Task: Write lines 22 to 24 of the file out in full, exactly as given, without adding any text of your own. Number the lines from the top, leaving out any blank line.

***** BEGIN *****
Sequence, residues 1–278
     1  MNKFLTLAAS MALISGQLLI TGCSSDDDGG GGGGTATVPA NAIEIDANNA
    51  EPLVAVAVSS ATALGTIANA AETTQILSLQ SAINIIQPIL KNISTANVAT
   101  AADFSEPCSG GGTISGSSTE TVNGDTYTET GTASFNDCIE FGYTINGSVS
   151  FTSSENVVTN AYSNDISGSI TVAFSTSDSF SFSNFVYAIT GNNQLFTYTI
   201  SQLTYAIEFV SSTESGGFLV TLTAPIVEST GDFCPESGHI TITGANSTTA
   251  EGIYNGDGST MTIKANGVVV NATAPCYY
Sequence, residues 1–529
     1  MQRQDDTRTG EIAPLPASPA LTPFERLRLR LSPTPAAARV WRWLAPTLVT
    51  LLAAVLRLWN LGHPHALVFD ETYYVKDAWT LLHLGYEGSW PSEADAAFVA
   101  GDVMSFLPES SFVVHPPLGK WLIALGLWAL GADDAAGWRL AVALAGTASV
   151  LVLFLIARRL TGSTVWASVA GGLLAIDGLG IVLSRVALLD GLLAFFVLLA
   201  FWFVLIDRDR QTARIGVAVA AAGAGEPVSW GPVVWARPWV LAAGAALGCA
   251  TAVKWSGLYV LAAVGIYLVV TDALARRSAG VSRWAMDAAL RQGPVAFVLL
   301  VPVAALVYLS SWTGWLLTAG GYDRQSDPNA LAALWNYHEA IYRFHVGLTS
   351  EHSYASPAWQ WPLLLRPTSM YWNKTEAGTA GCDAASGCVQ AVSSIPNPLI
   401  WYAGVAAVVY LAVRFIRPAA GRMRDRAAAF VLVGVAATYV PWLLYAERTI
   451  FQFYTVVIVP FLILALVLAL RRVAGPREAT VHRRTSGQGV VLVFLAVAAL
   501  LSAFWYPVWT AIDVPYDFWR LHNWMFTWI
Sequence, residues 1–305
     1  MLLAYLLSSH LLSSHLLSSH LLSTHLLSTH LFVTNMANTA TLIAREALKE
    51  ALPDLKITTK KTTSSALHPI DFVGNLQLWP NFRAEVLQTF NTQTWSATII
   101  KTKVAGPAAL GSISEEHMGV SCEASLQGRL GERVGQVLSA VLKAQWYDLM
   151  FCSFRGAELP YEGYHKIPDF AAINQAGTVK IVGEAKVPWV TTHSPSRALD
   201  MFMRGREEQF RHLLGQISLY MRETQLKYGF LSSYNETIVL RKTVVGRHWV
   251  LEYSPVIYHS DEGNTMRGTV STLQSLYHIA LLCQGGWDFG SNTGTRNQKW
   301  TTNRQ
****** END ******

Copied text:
    51  ALPDLKITTK KTTSSALHPI DFVGNLQLWP NFRAEVLQTF NTQTWSATII
   101  KTKVAGPAAL GSISEEHMGV SCEASLQGRL GERVGQVLSA VLKAQWYDLM
   151  FCSFRGAELP YEGYHKIPDF AAINQAGTVK IVGEAKVPWV TTHSPSRALD